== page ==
THAT Andrew Bolt, he’s such a tease!
Twice in one of his most recent posts he has tantalised with the dropped hint that he is talking with the Age. He is going there tomorrow, he tells us, and in the next breath speaks of discussing with a lofty Fairfax sort the wan performance of apparatchik academic Matthew Ricketson as that newspaper’s former media writer. Could his journey to Spencer Street be to discuss joining Fairfax, perhaps becoming part of a Rinehart-led attempt to revive a publication that, quite frankly, is so far gone it would tax the alleged Messiah’s best efforts to raise it from the slab?
It is nice to dream, to wonder how some fresh blood and fresh perspectives might revitalise an institution which has betrayed and abandoned the city it claims to serve. There is almost no local news in the Age these days -- no coverage of councils or planning decisions, for instance, that is not distilled from the acid lactations of Labor spinners intent on eroding the reputation of Planning Minister Matthew Guy.
Nor is curiosity to be observed in any measurable quantity. There was a race riot recently in Canberra, and the person who appears to have been at the centre of it, former prime ministerial glad-hander Tony Hodges, has gone missing. He could not be that difficult to find, yet no reporter has the made effort.
In that big building on Spring Street there are mutinous mutterings about the near-uselessness of Victoria’s current premier and of what private polling suggests would be his government’s rapid eviction in the event of an election. Barely a word of that discontent has made it into print. While it would undoubtedly suit the paper’s leanings to showcase discord in Liberal ranks, the effort required to tap out a few words apparently trumps the inclination to do so.
Good writing? Hah!
Objectivity? Read anything by the infantile Adam Morton, environment editor, and despair.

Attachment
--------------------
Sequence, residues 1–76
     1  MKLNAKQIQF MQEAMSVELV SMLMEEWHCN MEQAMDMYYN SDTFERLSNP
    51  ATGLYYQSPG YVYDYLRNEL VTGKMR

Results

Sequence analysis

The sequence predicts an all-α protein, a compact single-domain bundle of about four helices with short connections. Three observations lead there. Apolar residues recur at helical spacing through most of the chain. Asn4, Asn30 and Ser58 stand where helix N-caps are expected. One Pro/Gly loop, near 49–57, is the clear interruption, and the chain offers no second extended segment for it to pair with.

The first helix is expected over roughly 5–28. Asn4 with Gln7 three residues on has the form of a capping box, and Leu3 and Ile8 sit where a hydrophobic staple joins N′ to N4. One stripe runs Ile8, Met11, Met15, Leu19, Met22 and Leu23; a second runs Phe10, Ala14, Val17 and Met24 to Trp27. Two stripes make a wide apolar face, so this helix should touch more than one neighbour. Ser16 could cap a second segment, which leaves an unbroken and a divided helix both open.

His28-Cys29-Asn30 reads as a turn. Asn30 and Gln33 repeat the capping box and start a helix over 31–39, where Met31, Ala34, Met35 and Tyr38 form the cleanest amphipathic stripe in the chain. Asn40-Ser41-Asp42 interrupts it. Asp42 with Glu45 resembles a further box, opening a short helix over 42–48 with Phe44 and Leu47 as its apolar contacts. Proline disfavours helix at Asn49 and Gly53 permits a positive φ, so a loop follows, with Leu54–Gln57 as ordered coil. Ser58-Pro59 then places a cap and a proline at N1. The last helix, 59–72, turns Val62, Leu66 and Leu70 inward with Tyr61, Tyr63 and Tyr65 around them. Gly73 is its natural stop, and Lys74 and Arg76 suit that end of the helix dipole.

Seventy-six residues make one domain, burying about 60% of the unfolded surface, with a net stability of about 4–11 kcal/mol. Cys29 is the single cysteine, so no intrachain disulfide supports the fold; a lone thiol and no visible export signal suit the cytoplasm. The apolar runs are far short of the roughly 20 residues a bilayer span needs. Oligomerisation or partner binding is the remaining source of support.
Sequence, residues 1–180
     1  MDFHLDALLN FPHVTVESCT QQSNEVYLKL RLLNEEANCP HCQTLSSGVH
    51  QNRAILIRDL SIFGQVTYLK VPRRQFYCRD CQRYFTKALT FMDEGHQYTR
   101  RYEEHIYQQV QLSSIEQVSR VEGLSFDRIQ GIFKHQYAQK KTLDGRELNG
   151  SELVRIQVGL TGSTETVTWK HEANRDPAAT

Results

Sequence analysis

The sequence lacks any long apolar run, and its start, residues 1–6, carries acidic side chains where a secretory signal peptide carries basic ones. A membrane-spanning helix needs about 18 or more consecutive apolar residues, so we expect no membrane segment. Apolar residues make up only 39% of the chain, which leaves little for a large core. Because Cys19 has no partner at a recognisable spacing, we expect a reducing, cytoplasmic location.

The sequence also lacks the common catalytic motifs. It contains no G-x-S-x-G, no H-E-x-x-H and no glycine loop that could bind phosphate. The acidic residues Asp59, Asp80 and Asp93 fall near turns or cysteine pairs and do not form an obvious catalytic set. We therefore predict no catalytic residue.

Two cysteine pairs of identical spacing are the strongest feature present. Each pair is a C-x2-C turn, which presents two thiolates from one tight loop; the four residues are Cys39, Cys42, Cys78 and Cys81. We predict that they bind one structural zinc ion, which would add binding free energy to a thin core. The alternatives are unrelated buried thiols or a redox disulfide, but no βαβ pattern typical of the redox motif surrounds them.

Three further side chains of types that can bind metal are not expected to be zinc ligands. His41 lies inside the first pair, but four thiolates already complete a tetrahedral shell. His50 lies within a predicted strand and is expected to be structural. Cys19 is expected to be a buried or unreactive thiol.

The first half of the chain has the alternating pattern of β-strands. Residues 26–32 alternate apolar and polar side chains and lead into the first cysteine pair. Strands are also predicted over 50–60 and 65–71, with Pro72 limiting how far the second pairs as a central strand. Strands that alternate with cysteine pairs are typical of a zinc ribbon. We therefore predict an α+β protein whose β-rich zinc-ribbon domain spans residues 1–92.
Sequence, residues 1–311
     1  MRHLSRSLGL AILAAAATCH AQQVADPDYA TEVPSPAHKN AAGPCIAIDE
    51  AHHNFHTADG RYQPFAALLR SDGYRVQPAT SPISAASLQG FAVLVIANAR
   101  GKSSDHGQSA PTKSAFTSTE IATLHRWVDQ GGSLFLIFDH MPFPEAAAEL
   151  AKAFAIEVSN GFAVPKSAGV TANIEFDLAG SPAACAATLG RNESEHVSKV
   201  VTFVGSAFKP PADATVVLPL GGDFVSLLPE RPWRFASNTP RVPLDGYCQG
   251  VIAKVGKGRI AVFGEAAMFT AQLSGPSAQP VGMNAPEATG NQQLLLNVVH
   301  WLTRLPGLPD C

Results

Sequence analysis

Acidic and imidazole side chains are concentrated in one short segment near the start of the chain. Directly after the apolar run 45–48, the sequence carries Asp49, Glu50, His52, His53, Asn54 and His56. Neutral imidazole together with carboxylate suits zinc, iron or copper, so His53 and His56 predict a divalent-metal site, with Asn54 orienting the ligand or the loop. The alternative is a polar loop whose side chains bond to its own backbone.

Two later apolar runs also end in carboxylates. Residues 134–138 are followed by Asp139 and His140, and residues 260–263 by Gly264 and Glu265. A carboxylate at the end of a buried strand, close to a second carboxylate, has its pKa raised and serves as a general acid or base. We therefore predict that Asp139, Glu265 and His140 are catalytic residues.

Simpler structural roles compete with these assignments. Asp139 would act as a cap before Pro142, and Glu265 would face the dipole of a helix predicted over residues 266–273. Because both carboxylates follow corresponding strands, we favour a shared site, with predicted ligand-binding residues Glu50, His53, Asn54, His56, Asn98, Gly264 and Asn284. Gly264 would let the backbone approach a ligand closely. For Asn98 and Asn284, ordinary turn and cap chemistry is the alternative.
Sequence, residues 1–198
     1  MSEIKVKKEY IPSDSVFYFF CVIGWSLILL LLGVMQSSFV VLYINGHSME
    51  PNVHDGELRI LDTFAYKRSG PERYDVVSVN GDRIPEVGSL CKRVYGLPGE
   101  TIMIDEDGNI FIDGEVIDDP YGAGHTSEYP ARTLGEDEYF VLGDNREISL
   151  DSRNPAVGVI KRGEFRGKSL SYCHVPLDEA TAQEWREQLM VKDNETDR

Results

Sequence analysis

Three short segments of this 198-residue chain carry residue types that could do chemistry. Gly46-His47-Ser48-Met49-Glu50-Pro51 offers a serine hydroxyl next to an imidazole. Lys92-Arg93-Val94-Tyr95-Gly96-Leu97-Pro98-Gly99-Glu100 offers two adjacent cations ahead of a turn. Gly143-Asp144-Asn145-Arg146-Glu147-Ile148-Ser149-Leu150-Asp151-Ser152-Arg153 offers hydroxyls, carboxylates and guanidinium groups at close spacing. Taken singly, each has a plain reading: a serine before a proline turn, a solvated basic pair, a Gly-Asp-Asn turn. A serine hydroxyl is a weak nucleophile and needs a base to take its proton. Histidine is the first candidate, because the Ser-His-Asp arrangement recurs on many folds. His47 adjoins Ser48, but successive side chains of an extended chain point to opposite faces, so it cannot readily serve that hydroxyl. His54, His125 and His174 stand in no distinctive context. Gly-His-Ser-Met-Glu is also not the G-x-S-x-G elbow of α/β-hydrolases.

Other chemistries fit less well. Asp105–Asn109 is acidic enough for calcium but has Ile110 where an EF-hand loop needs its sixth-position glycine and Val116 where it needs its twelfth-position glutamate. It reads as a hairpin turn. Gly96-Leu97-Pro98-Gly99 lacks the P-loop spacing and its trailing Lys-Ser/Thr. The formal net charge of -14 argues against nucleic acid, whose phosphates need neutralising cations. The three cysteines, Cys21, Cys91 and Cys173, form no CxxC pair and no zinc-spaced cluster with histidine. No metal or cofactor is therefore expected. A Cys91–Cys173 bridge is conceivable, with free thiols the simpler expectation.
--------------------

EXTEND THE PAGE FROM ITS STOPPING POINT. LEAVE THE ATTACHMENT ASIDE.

Insight? Other than covering Canberra as radio announcers do the footy, the only thing Michelle Grattan looks into is her handbag.
Fodder for the mind? With the likes of Overland luvvie Jeff Sparrow serving as a regular book reviewer, it is chaff, not oats, which the editor of that section sees fit to dump weekly in his readers’ nosebag.
So what, if Andrew were to join Fairfax, could he reasonably hope to achieve? There would be strikes and leaks and rallies, not to mention drawing pins and dog dirt left on his seat and blotter. If he doubts that, Silly refugee Miranda Devine could tell him of the bile to which she was subjected by her leftist colleagues, as remains the case for Paul Sheehan. Can anyone imagine Andrew discussing editorial policy and direction with Sunday editrix Gay Alcorn, who is Margo Kingston’s half-sister and draws heavily on the common gene pool?
And the thing is, lovely as it would be to see an adult directing operations, a high-profile hire may not even be needed. The emerging proof of that is the Financial Review, which has made encouraging progress in recent months toward reclaiming its reputation as a lively, serious newspaper. One assumes that is the doing of its new editor, who actually appears prepared to lead.
An Age insider recently dropped a line to the Billabong in which he ranted at some length about his employer’s decline. The evidence is everywhere on Media House's second floor, he said, from the wiping of the paper’s institutional memory when all the sub-editors were fired to the profusion of what he termed “student newspaper activists” in positions of influence and trust. He was particularly scathing of some colleagues’ Twitter utterances, which he disparaged as updates on the action at Smith Street bars and rock venues.
But as he noted, they are mere symptoms, not the cause of the contagion, which he saw as a plague of paralysing self-interest at the top. The correspondent asked not to be quoted, but his view could be expressed thus: The Age’s editorial hierarchy is replete with people making big money. While they recognise their newspaper’s deficiencies, doing something about them would jeopardise those incomes. So they count the days to retirement, make no waves and hope the paper does not die in the meantime. And, most culpable of all, they studiously dodge the responsibility to lead that goes with large pay cheques.
It would be terrific to see Andrew’s columns in the Age. But what the paper needs most of all are some adults prepared to be disliked -- the sort who would wear that disdain as a badge of honour. As a marquee name, Andrew fits that bill. But if the confidential correspondent’s analysis is correct, the columnist’s recruitment would count for little without a cadre of belligerents in less prominent, more work-a-day posts. As the informant says, he does not believe any editor in recent memory has ever taken a reporter to task for submitting a sloppy, inaccurate or nakedly biased report.
Maybe Rinehart can fix that. Maybe she can’t. But somebody needs to before Melbourne is left with only the daily edition of New Idea, otherwise known as the Herald Sun.
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